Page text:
Til: Pali@yahoogroups.com
          Emne: Re: [Pali] Stanz of SN 1.3.1

          Hi Yifer,
          op 31-07-2005 14:46 schreef yifertw op yifertw@...:
          > The first verse of SN 1.3.1 is:
          > Naaphusanta.m phusati ca, phusanta~nca tato phuse;
          > tasmaa phusanta.m phusati, appadu.t.thapadosinan.
          > Ven. Bodhi's translation is:
          > [It does not touch one who does not touch,
          > But then will touch the one who touches.
          > Therefore it touches the one who touches,
          > The one who wrongs an innocent man.]

          > My questions are:
          > 1. There are two "it" in this verse, what does it stand for?
          > Does it stand for "kamma" or these to sentence just to
          > convince readers not to act that way?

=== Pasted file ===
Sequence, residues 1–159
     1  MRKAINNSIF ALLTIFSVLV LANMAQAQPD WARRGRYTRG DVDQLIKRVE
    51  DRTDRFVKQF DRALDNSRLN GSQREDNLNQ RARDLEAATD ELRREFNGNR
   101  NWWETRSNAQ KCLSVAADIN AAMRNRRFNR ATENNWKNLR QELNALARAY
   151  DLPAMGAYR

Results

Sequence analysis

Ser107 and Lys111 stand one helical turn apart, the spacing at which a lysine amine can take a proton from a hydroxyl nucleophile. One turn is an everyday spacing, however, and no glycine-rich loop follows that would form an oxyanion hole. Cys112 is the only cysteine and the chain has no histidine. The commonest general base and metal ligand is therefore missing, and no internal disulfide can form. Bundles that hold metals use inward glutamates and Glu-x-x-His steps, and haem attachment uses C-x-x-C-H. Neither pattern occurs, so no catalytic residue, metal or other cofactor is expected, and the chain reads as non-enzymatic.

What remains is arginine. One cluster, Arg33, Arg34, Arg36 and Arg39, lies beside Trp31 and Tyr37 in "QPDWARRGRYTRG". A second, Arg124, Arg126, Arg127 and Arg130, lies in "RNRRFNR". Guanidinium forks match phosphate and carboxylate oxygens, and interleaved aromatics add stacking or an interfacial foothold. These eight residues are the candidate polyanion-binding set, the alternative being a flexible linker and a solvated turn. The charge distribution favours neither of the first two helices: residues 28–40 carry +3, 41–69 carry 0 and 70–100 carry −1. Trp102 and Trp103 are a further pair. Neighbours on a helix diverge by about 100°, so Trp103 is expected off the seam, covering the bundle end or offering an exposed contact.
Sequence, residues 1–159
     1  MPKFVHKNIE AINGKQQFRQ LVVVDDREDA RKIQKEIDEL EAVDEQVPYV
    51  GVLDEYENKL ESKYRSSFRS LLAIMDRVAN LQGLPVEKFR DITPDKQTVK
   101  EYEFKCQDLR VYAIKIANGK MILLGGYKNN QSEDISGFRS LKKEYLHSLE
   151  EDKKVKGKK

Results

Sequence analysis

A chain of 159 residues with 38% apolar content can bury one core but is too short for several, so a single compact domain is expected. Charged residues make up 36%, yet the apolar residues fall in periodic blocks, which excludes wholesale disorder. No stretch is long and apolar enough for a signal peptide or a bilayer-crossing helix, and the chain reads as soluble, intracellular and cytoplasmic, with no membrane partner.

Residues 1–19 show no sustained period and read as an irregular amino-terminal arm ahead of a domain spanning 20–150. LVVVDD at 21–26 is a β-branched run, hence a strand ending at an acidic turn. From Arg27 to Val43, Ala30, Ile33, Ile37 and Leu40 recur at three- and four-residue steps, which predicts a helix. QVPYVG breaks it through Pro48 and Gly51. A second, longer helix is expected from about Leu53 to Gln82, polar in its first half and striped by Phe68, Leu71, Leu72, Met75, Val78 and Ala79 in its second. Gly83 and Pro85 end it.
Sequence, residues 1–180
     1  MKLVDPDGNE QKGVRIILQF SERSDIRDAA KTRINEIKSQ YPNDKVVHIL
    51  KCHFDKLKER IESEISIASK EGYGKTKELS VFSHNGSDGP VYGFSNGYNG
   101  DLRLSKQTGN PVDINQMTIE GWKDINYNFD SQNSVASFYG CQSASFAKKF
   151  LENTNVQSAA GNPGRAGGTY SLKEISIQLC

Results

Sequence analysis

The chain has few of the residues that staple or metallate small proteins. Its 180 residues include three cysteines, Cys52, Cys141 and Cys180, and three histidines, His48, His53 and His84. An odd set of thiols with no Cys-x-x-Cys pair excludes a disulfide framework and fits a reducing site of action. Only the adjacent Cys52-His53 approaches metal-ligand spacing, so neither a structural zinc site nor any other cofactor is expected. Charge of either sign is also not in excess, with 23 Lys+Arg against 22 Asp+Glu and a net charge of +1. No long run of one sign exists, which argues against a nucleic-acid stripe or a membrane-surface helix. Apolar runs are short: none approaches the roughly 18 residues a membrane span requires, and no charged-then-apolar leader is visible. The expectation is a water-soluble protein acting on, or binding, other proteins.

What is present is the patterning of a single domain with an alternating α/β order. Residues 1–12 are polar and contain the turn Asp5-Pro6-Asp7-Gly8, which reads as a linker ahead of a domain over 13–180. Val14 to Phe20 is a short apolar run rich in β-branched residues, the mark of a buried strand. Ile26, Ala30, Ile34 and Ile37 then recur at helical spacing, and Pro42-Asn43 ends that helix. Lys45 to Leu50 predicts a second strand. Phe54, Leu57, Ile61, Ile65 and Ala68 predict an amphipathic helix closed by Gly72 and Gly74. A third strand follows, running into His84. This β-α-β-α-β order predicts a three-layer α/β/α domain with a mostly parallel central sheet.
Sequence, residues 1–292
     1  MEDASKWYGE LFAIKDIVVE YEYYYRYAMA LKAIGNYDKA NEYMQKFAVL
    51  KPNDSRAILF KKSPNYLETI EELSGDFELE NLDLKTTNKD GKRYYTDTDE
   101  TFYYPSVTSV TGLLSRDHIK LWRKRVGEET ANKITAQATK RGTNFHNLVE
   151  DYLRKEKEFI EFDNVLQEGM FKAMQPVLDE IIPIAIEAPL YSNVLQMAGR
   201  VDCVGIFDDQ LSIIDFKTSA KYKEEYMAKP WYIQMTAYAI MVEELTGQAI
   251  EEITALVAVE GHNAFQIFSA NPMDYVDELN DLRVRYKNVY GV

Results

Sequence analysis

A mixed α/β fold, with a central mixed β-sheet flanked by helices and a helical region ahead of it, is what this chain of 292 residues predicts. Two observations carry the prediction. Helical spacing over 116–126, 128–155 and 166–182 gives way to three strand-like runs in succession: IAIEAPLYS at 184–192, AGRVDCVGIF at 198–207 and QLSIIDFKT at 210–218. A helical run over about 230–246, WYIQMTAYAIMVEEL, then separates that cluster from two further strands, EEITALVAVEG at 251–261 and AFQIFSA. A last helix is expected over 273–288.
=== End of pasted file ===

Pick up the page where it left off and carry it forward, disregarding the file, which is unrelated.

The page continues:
> 2. There are 6 "touch" in this verse, what does it stand for
          > respectively?
          -----
          PTS footnote: two meanings of touch, an active one (performing kamma) and a
          passive one: receiving the result of kamma, thus, vipaaka.
          1: vipaaka will not come to (touch) the person who 2.does not commit kamma.
          (touch, makes feel, commit kamma)
          3. But then will touch (vipaaka will touch), 4 the one who touches (who
          commits kamma)
          5 Therefore it touches the one (vipaaka touches), 6 who touches (who commits
          kamma).
          First part of your Q. may also be solved now.
          Nina.



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        • yifertw
          Dear Nina, Thanks! It is very clear and helpful from your explanation. Best regards, Yifer
          Message 4 of 10 , Aug 1, 2005
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            Dear Nina,
            Thanks!
            It is very clear and helpful from your explanation.